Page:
TL;DR: Triplebyte is pivoting. We no longer require a quiz or interview to join. Engineers are almost completely unique as a labor force. There is far more demand for engineers than there is supply, and that makes engineers powerful in a way other professions are not. We want to stop being a placement agency, and instead become a job search platform that leverages that unique power to create a better hiring process for engineers.

If you’re not interested in the history that drove this change, click here to read about what we’re building and the case for why we think it will work.

Our mission is to fix hiring for engineers. This was what Harj, Guillaume, and I set out to do when we started Triplebyte. Our first step was to create a quiz and interview process to pre-screen engineers, then require that companies skip screening steps for engineers who did well on these screens. A lot about this worked. We got jobs for over 1000 engineers, many of whom had non-traditional backgrounds and had previously been totally ignored by recruiters. Helping these people has been by far the most exciting part of working at Triplebyte.

Still, our original model did not succeed as often as it could have, and the problems with that model became more obvious as we scaled. There were always more engineers who we failed to help than there were exciting successes. And we couldn’t change that without resolving fundamental tensions in our model. Two of those tensions in particular were a problem:

First, our approach made us gatekeepers. Companies didn’t want to skip screening steps, and we could only get them to do so by rejecting everyone except the top few percent of engineers on our assessment. Even if our tests had been perfect, this would have left out many capable engineers. Worse, while we work to make them as good as possible, our assessments are certainly not perfect, which meant we also left out some great engineers (who were understandably unhappy about that). Rather than fixing hiring, we’d replaced companies’ arbitrary requirements with our own.

Second, we combined two conflicting values. We provided an expedited process to onsites and we focused on testing as a replacement for traditional credentials. Engineers with strong resumes benefitted from our expedited process at companies, but didn’t care about testing. In fact, by de-emphasizing experience, we undersold them. Engineers from non-traditional backgrounds, on the other hand, loved the way our quizzes opened doors for them, but did not care about skipping screening steps. And in fact, the process restrictions we placed on companies stopped them from reaching out to candidates who they would have otherwise been willing to talk to. And so both groups of engineers ended up underserved and less successful than they could have been.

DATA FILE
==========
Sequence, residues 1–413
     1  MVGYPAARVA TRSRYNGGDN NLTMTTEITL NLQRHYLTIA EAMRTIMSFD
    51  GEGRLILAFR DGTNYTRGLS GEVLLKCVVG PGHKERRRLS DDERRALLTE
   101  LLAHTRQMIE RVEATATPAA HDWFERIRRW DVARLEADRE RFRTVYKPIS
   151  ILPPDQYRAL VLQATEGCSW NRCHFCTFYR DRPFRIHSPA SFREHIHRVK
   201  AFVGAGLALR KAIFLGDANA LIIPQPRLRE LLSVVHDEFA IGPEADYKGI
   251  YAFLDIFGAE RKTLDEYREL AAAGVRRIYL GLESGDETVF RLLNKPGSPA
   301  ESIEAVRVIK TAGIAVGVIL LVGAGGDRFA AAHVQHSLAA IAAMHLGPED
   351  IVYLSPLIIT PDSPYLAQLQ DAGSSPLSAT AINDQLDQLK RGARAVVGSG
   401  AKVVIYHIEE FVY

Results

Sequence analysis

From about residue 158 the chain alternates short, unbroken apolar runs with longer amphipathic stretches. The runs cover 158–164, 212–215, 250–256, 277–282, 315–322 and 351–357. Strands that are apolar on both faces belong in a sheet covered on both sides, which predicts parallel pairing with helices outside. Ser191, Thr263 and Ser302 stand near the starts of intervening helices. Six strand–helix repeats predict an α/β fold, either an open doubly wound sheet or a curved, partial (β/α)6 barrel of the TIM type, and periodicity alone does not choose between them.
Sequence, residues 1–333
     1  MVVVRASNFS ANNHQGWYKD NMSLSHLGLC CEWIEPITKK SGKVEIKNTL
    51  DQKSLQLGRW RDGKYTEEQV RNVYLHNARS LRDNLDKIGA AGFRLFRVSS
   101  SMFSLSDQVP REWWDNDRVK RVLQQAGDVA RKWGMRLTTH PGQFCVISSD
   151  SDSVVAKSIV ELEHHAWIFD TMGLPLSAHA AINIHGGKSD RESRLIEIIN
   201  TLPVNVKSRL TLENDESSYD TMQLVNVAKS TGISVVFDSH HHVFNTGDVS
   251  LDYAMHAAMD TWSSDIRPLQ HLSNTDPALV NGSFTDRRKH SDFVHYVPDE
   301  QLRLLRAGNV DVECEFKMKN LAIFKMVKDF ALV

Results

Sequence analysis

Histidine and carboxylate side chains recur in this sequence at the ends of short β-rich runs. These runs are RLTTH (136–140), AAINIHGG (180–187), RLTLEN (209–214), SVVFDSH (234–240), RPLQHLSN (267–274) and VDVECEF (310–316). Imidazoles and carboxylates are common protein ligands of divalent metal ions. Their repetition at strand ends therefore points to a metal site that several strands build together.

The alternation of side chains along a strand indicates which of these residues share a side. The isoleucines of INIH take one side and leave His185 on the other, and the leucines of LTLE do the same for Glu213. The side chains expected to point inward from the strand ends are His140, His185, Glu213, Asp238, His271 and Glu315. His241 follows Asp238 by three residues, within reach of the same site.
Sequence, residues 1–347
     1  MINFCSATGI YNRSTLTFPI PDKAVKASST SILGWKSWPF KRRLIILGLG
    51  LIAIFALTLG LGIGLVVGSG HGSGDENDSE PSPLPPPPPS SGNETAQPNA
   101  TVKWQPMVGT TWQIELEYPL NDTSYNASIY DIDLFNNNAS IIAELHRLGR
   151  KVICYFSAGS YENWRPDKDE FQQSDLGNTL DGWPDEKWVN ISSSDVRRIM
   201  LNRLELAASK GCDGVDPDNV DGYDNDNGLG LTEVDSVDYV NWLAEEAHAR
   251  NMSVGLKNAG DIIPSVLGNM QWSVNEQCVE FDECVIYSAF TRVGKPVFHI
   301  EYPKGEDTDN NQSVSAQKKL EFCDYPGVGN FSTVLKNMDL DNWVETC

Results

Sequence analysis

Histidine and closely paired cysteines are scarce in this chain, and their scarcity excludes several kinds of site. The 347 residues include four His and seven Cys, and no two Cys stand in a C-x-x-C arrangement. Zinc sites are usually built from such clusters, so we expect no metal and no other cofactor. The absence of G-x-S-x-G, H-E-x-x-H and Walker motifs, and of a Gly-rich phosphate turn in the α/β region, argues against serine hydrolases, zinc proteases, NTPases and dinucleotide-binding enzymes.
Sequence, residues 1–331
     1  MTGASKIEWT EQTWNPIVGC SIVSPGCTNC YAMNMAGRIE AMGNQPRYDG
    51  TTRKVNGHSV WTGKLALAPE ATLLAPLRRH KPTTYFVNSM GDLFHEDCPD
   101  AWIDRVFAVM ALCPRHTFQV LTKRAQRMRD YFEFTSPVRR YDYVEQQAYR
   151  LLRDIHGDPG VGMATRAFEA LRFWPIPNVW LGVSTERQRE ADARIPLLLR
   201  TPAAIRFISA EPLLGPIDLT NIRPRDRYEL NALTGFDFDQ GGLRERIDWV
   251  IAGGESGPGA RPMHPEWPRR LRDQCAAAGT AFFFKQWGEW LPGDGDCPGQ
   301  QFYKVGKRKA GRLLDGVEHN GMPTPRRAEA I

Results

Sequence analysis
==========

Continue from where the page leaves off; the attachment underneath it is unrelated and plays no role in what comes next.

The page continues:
Over time, these problems compounded. Engineers who we rejected held that against us (which was completely understandable). We found ourselves pushing an increasingly varied pool of both engineers and companies into a narrow set of predefined assessments, which hurt both our ability to evaluate engineers and our ability to help companies find the expertise they needed. And these tensions were built so deeply into our business model that they proved impossible to solve without making fundamental changes.

Our first effort to fix these problems was a fiasco. We began with an idea that made sense on the surface: create engineer-specific profiles that would offer features that other job search sites like LinkedIn or Indeed couldn‘t, then use the enormous number of engineers who had already created Triplebyte profiles to transition Triplebyte into a more general job-search site.

But I made a big mistake. I decided to make these profiles public by default. Our users objected immediately and forcefully. We canceled this change before it shipped, but our users were right: this would have been an egregious violation of our users’ privacy.

My first instinct was to talk about why we made this decision (a mix of bad incentives, poor cultural practices that led me to not listen to other people on the team, perhaps just bad judgment). But that wasn’t the point. If literally a thousand people show up at your door to tell you that you violated their trust, then you violated their trust. Doing this was stupid and wrong, and it is not a mistake I intend to repeat.

We learned a painful lesson from this incident: we get into trouble when we don’t put engineers first. We threw out our entire product roadmap and made internal changes to be sure we wouldn’t repeat the same mistakes. And then we began to search for a new direction for what Triplebyte would be in the future. We went back to basics. We spoke to hundreds of engineers. And we sketched out a product that would solve the problems in their job search. What we’re announcing today is the end result.

What are we pivoting towards? To explain, let’s talk about economics for a second.

Almost everybody (engineer or not) hates job searching — and why wouldn’t they? In most hiring processes, especially outside of engineering, companies hold all the cards. They know how many applicants they’re talking to. They have access to better salary data. And in most industries, there are more people applying than there are jobs, which makes hiring in those industries inherently an employer’s market. Job seekers don’t have much leverage, so companies have no incentive to create a better hiring experience, to be less credentialist, or to give more feedback to applicants.

Worse still, most job search sites recognize this state of affairs. They know companies are holding the cards, and as a result, they skew their sites towards serving companies over applicants. This skew makes the existing unfairness in the job search even worse by giving companies even more ways to gain the upper hand over applicants.

Engineers, however, have unique leverage. As more and more of the world becomes software-driven, every company needs to hire engineers. Under our old business model, for example, companies paid us tens of thousands of dollars per hire and skipped screening steps that they really wanted to do. That’s how badly they wanted to hire engineers.

In short, there is more demand for engineers than there is supply, and that makes engineers powerful.

So why isn’t that power represented in a better job search experience for engineers? Because individual engineers can’t wield it effectively.